Selective enrollment school in Chicago offers classical education model
- The new Bronzeville Classical School, Chicago Public Schools’ only new selective enrollment school, has opened on the heels of new data that reveals how the school choice era in Chicago is leaving a large number of open seats in neighborhood schools, Chalkbeat reports.
- However, Bronzeville Classical School — with its multimillion dollar rehab, new playground, smart boards, Spanish immersion classes and a pottery kiln — does represent what schools can look like with a broad base of community support.
- To enroll in Bronzeville Classical School, which primarily enrolls African-American students, families must complete a centralized online application, and students must be tested to see if they meet entrance requirements — a step that bothers some public education organizers who feel that students are now being segregated by test scores.
The new Bronzeville Classical School seems poised to be successful with its classical education model, a model that has seen success before, as well as the money spent on upgrading the school to compete with private and charter schools in the area. However, if the same funds were spent at neighborhood schools in the city, similar success would happen, some educators argue.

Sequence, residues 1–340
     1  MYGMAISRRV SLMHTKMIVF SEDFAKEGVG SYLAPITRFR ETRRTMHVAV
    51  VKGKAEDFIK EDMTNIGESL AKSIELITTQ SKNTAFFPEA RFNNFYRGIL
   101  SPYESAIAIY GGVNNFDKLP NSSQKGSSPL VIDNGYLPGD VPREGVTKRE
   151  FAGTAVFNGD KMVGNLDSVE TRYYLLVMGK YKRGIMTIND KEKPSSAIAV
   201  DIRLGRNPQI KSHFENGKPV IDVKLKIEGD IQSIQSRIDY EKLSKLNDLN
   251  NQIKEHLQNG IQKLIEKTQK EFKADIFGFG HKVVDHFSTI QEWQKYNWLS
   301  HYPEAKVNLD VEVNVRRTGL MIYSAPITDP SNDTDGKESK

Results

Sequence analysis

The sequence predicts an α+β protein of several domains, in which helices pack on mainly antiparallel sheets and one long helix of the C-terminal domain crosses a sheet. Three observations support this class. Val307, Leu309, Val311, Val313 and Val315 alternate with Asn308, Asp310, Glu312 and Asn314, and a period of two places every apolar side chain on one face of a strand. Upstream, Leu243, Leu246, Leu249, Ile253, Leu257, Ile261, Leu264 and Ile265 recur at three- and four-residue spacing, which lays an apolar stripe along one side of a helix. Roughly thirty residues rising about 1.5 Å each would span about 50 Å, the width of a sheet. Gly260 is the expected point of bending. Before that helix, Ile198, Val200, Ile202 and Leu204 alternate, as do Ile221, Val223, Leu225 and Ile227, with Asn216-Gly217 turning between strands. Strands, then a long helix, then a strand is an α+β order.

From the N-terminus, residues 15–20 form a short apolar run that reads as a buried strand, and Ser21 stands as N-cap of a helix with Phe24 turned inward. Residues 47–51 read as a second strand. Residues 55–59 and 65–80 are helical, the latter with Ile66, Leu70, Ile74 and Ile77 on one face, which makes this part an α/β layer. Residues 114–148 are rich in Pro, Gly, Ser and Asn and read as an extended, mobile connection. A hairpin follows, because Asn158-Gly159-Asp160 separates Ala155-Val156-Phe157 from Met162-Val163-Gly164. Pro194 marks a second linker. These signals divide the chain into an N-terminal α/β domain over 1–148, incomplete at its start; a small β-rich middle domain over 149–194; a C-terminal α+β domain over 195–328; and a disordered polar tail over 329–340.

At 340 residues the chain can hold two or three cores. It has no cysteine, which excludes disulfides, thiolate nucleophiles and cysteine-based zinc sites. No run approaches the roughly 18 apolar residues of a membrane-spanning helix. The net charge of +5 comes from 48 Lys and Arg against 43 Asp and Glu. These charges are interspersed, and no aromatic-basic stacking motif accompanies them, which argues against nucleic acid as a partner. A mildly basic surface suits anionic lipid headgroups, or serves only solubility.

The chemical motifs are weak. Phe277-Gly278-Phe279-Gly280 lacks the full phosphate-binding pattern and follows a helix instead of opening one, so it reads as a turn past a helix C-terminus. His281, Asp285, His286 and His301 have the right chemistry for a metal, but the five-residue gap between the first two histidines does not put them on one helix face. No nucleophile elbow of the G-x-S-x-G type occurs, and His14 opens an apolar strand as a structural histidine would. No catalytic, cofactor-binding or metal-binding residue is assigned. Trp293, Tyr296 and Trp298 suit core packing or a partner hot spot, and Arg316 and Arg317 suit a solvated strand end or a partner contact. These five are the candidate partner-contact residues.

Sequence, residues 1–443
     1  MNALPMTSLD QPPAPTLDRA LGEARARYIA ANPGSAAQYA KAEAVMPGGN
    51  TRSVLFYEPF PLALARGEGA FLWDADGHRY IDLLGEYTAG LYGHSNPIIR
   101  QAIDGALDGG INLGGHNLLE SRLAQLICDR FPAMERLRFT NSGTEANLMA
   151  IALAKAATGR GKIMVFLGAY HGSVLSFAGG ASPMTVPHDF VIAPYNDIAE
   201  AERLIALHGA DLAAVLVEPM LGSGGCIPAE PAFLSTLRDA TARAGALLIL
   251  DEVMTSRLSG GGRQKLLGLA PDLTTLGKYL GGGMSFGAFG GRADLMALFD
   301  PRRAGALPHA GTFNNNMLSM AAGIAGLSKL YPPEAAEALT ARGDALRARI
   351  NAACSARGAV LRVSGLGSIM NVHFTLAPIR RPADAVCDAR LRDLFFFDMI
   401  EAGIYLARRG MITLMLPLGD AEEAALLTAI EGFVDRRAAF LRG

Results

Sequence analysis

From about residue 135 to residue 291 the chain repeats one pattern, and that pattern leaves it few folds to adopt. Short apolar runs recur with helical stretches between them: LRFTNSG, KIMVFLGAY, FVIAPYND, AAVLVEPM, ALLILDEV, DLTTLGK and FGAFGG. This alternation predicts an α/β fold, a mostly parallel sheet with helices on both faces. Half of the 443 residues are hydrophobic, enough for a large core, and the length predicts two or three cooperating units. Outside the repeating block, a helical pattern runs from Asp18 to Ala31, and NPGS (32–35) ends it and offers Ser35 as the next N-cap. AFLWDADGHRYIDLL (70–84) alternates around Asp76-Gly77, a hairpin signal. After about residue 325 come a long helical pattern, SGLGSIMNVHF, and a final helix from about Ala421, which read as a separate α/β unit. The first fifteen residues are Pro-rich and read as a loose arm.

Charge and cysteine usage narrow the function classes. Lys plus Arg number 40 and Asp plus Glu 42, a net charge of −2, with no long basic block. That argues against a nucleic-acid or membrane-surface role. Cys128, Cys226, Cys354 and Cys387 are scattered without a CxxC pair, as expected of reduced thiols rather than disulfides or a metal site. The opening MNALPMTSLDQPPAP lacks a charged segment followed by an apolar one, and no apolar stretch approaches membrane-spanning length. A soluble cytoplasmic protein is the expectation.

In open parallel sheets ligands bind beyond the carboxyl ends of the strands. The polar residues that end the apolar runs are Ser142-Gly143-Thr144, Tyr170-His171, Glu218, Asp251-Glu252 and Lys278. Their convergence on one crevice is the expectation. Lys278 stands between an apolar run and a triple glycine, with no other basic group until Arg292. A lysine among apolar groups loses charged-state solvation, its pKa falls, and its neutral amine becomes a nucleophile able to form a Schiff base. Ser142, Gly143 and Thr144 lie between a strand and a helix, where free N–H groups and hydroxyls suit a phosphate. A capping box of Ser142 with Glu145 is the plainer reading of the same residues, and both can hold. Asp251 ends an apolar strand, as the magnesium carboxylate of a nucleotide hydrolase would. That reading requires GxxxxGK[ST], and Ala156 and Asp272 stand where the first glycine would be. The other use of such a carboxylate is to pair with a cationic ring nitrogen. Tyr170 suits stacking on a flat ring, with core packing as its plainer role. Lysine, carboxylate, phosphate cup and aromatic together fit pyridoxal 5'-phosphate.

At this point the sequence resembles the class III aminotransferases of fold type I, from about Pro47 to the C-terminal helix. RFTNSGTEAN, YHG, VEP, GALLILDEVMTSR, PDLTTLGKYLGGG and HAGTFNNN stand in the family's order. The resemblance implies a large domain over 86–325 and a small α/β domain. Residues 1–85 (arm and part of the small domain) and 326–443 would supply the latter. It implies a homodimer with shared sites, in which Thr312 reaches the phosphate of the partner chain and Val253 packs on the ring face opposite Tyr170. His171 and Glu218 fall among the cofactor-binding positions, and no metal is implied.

But the fact that Bronzeville Classical School is a selective enrollment school bothers some parents and public school leaders. For instance, in his 2016 resignation letter, Troy LaRaviere, former principal of James G. Blaine Elementary School, the city’s number No. 1 rated neighborhood elementary school at the time, noted that “one fundamental element of improving the school was ending selective access to advanced curriculum.”
It seems that Chicago’s approach to solving equity issues in its schools is producing mixed results. A 2016 study of high schools in the system indicated that the competition for top-tier high schools in the district may not be worth effort. An analysis by The Atlantic noted "vast" differences between attending top- and bottom-tier schools, but a more "mixed" gap between the top and middle tiers. “Differences in college outcomes generally favored top-tier schools but were usually small and not statistically significant. Similarly, students didn’t seem to make big gains from attending a mid-tier school vs. a bottom-tier one,” according to The Atlantic.
However, the same study pointed out other non-academic benefits of the system. The authors of the study noted that selective schools are also aiming to build more diverse student bodies than neighborhood schools while attracting or keeping families that might look to private or suburban options.
A 2016 report by The Century Foundation further commended the district's approach to maintaining socioeconomic and racial diversity in these schools, but added that it still needed to address diversity issues in its most selective high schools and find ways to attract more high-poverty youth to those schools, as well.